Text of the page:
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What can phylogenetic metrics tell us about useful diversity in evolutionary algorithms?

This repository contains all code and supplemental material for "What can phylogenetic metrics tell us about useful diversity in evolutionary algorithms?", originally presented at Genetic Programming in Theory and Practice, 2021. This paper is available as a preprint and in the published conference proceedings.

supplemental preprint paper OSF DOI



It is generally accepted that "diversity" is associated with success in evolutionary algorithms. However, diversity is a broad concept that can be measured and defined in a multitude of ways. To date, most evolutionary computation research has measured diversity using the richness and/or evenness of a particular genotypic or phenotypic property. While these metrics are informative, we hypothesize that other diversity metrics are more strongly predictive of success. Phylogenetic diversity metrics are a class of metrics popularly used in biology, which take into account the evolutionary history of a population. Here, we investigate the extent to which 1) these metrics provide different information than those traditionally used in evolutionary computation, and 2) these metrics better predict the long-term success of a run of evolutionary computation. We find that, in most cases, phylogenetic metrics behave meaningfully differently from other diversity metrics. Moreover, our results suggest that phylogenetic diversity is indeed a better predictor of success.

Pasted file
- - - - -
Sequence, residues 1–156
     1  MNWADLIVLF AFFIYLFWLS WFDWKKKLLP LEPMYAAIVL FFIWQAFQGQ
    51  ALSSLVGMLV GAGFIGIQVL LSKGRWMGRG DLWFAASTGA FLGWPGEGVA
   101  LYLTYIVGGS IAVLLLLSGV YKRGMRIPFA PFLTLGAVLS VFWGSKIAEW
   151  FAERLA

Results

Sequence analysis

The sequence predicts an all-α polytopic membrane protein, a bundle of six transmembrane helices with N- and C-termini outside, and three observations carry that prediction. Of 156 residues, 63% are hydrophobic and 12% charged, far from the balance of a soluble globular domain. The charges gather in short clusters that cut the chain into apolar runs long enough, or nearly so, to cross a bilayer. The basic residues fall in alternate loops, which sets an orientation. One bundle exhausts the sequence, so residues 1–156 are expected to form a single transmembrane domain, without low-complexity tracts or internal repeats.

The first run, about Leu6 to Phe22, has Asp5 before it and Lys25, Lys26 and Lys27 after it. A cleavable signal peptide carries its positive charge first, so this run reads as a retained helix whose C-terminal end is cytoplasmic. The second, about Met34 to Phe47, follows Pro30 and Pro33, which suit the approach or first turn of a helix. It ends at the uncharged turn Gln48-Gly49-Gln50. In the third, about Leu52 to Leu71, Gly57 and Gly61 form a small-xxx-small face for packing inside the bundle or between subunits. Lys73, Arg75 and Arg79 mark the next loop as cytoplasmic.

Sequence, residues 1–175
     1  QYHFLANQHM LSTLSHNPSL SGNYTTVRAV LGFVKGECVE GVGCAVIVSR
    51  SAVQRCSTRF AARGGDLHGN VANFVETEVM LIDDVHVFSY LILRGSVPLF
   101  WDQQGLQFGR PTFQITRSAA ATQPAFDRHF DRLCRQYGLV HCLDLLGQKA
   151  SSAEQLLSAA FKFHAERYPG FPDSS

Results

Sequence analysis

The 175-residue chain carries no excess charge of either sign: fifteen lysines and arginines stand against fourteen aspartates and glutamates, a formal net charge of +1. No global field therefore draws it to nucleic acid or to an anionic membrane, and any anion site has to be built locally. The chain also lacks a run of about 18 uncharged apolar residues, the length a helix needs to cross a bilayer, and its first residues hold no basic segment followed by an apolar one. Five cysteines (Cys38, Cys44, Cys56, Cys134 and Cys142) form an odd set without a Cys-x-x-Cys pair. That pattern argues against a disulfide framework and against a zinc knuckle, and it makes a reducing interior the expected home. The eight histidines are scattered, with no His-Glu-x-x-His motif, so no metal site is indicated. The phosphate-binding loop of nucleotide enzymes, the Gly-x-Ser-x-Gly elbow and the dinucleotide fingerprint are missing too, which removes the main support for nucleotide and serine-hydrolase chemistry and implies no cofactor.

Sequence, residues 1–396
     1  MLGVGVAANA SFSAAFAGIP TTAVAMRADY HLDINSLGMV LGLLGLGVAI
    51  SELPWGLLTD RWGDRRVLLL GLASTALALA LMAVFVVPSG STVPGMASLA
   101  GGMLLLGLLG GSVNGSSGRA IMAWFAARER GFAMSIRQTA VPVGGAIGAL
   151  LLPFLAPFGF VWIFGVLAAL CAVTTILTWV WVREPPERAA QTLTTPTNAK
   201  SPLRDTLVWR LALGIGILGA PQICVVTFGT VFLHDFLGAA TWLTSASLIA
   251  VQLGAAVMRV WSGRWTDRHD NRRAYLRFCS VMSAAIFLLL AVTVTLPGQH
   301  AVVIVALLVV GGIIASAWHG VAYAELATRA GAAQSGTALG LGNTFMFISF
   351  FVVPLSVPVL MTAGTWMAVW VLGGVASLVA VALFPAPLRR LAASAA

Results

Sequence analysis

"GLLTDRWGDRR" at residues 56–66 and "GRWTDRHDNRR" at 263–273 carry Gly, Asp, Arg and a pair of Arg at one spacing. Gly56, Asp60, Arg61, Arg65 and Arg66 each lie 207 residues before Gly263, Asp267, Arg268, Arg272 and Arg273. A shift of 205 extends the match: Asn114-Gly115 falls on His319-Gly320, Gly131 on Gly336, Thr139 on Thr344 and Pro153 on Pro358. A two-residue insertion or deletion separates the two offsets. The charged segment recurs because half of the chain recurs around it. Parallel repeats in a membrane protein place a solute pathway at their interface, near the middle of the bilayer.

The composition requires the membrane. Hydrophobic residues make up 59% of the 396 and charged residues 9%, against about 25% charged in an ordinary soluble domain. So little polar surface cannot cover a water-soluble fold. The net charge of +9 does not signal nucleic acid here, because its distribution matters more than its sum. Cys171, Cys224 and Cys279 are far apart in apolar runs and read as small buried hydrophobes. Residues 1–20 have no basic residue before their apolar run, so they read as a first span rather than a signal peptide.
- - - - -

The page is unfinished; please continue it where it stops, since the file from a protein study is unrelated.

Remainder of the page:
Supplemental information

The supplemental information for this paper is here.


The C++ code to run these experiments requires:


You can compile and run the code used in the paper as follows:

# Clone Empirical
git clone --recursive 

# Clone EC-ecology-toolbox
git clone

# Clone the repo for this project
git clone --recursive

### Complex fitness landscapes

# Compile the executable to run experiments for this project

# Run an experiment. To set parameters, use command line flags
# e.g. to set the selection scheme, run ./ecology_parameter_sweep -SELECTION 2
# To see all options, run ./ecology_parameter_sweep --help

### Exploration diagnostic

# all of the code for the exploration diagnostic lives in the exploration_diagnostic submodule
cd exploration_diagnostic

# the dia_world executable can be configured in the same way as the ecology_parameter_sweep executable


Research overview

Phenotypic diversity vs phylogenetic diversity.

In short, phenotypic diversity measures the diversity of phenotypes in the population at any one point in time. Phylogenetic diveristy measures the diversity of evolutionary history represented in a population. We wrote a lot more about building phylogenies in the context of computational evolution in this paper.